Unlike the professionals I know in the field of cardiology (the ones who decided they really wanted to spend many, many years of their lives studying All Things Cardiac), people living with heart disease are thrust unwillingly into an intensive overnight learning immersion program. We go from being utterly ignorant to, little by little, becoming increasingly familiar with even the most complex information on the subject of our own diagnosis. As one of my Heart Sisters readers told me she had astutely reminded her physician: “This is your career, but it’s my life.”
And this seems to be true no matter what the diagnosis. I know that, had I been diagnosed with lupus instead of heart disease, I’d be blogging and speaking and writing about lupus right now.
When I attended the WomenHeart Science & Leadership Symposium for Women With Heart Disease in 2008, it was an indescribably moving experience for me to spend five days of this training at Mayo Clinic with 45 other women who chatted easily about their ejection fractions or troponins, CABG or SCAD, V-Tach or AFib.(1) Until then, I’d never met another person like me (a female survivor of the widowmaker heart attack, along with a subsequent diagnosis of inoperable coronary microvascular disease). I’d been the only woman in my cardiac rehabilitation classes, and the youngest by at least two decades. At that time, nobody I knew personally was living with what I had.
My Mayo heart sisters and I weren’t experts on our diagnoses (not yet, anyway), and indeed we had to go through several distinct learning stages that were launched only after surviving our own initial experiences with heart disease.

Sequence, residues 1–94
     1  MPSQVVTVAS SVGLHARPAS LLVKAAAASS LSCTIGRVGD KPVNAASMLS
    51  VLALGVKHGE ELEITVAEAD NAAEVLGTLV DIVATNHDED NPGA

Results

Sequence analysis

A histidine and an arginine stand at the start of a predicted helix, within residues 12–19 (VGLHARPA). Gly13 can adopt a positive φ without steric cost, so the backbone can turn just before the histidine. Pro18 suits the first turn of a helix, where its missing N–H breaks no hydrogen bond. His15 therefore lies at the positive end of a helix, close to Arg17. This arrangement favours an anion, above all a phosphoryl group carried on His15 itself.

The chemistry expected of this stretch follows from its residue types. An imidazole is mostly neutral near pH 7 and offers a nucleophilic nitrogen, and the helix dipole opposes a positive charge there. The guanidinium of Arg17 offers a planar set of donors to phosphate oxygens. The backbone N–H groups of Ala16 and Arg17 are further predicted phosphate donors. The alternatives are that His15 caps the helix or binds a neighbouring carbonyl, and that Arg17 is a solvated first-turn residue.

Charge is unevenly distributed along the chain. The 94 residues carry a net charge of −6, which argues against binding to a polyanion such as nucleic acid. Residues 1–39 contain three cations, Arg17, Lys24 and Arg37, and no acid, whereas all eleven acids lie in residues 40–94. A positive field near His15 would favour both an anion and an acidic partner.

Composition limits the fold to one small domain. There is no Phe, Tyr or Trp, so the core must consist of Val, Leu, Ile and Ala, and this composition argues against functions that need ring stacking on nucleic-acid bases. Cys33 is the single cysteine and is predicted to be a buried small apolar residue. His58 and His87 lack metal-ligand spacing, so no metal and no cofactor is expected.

In other words, we knew about how our hearts worked (or didn’t work) because of what’s known as experiential learning.
If you’re reading this because you have been freshly diagnosed with cardiovascular disease, you may already be navigating the five identified stages of this learning, as described by researcher Dr. Patricia Benner.(2) Her study on experiential learning is based on the pioneering research of the Dreyfus brothers at Berkeley, described in the book, “Mind Over Machine: The Power of Human Intuition and Expertise in the Era of the Computer.”(3)
What this means is that, whether you’re a student nurse, a chess player, an airline pilot or a new heart patient, you’ll learn as much (some even insist more) about what you need to know from your own day-to-day lived experience as you will from formal structured lessons, textbooks or patient information brochures.
Here’s how these five stages described by Dr. Benner can look to the heart patient:
1. The Novice Patient – wants to be given a manual, told what to do, with no decisions required
Newly diagnosed novice heart patients have had no lived experience with this terrifying situation. So novices are taught basic rules to help them adapt (for example, how to correctly take your nitro to relieve the chest pain of angina).
These rules may also include doctors’ recommendations about heart-healthy eating, lifestyle improvements, or how to stop smoking. The patient discovers online resources and becomes interested in learning more about the specific diagnosis and treatments as part of the sense-making stage of their progress. The rule-governed behaviour typical of the overwhelmed novice Patient is extremely limited and inflexible. “Just tell me what I need to do…”